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Old 12-11-2018, 10:48 AM   #1
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Performance formulas

Hi,

Is there a formula or calculator that can determine how much additional weight affects the speed? For planning boats.

Let's say, your 24000 lb cruiser will cruise at 24 knots. And you add 2000 lbs, how much less will the speed be, all other things being equal?

There's tons of charts and performance stuff like this for airplanes, would think there'd be a lot for boats, but a search turns up little.
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Old 12-11-2018, 11:20 AM   #2
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Boatdiesel has a prop calculator that will show speed effects of additional weight. You have to join though and it costs $25/yr for a basic membership. If you are a DIY diesel guy it is well worth it.



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Old 12-11-2018, 11:55 AM   #3
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Boatdiesel has a prop calculator that will show speed effects of additional weight. You have to join though and it costs $25/yr for a basic membership. If you are a DIY diesel guy it is well worth it.



David
David,

Yea, Im a member, will look for that....
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Old 12-11-2018, 12:54 PM   #4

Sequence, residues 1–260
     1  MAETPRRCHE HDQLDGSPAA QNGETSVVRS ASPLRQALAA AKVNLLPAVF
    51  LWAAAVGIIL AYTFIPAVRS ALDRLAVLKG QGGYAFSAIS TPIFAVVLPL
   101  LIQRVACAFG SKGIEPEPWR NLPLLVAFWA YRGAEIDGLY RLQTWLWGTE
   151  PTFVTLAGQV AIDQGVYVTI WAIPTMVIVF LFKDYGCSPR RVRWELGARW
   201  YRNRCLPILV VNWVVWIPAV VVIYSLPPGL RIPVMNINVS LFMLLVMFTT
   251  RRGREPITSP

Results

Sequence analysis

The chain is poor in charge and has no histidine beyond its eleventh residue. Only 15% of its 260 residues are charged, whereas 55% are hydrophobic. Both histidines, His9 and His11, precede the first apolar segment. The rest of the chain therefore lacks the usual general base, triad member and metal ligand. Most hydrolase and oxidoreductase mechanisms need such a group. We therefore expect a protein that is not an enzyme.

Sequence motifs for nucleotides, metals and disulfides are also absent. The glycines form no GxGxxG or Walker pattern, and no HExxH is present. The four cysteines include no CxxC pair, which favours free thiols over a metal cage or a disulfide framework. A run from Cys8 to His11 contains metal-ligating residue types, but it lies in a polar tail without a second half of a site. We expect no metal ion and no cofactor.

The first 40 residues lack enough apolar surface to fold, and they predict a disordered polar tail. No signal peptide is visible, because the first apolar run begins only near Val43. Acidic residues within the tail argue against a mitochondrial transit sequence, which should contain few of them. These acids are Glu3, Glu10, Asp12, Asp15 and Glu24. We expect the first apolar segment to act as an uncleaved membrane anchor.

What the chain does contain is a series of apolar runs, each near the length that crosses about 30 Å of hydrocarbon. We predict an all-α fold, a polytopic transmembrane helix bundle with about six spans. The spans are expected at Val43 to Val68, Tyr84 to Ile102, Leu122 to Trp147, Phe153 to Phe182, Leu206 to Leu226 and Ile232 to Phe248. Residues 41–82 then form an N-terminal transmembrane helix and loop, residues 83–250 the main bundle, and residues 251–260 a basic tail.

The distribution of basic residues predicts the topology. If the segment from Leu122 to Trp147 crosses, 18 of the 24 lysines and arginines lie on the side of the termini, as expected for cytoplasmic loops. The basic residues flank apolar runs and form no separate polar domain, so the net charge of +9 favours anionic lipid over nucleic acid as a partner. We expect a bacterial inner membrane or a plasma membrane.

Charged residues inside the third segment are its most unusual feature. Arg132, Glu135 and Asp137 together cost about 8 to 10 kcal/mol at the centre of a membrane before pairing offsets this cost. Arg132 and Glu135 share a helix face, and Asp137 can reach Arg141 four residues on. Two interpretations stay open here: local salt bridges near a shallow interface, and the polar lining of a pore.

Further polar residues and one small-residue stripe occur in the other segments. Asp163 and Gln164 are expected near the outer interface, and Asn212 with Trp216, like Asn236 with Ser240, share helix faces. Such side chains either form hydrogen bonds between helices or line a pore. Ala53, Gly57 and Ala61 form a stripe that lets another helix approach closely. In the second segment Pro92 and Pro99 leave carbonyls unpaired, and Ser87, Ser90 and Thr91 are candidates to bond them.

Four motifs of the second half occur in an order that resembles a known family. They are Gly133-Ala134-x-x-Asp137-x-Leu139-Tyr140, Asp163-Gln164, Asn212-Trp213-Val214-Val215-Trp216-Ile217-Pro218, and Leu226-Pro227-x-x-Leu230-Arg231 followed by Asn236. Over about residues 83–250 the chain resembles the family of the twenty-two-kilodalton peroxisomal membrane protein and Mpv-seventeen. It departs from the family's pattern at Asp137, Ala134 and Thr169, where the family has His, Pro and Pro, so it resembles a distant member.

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OK, you are a member. Go to the basic prop calculator. The advanced one takes a higher class of membership and is a PITA to use. Then enter the data for your boat and engine: weight, length, engine hp, etc. See what it gives you for wot speed. Then compare it to actual if you have that. Then adjust boat type or weight so it comes close to actual.


Then once you have it "calibrated" then you can add or subtract weight and see what happens. I have found that once calibrated to your specific boat, the calculator is reasonably accurate.



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Old 12-11-2018, 01:49 PM   #5
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The formulas you are looking for and more are in the propeller handbook by David Gerr.
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Old 12-11-2018, 02:11 PM   #6
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Hi,

Is there a formula or calculator that can determine how much additional weight affects the speed? For planning boats.

Let's say, your 24000 lb cruiser will cruise at 24 knots. And you add 2000 lbs, how much less will the speed be, all other things being equal?

There's tons of charts and performance stuff like this for airplanes, would think there'd be a lot for boats, but a search turns up little.
Years back I played with the various formulas and did not get too much satisfaction.
Our boat could easily vary from a full boat with many folks to an almost empty boat with just a few - maybe #5,000 difference.
From one extreme to the other our speeds would vary by less than 1/2 a knot at 17 knots or so. Items which would affect speed much more than the weight carried included: clean hull , clean running gear, balanced props, and fresh vs salt water.
Another practical note we towed various large RIBS over the years with one that weighed in at just over 1,200 #'s and another that weighed in at over #3,200 #'s.
Pulling these RIBS between 16 - 18 knots with a boat that was 48" overall and weighed around 33,000 #'s we saw these results....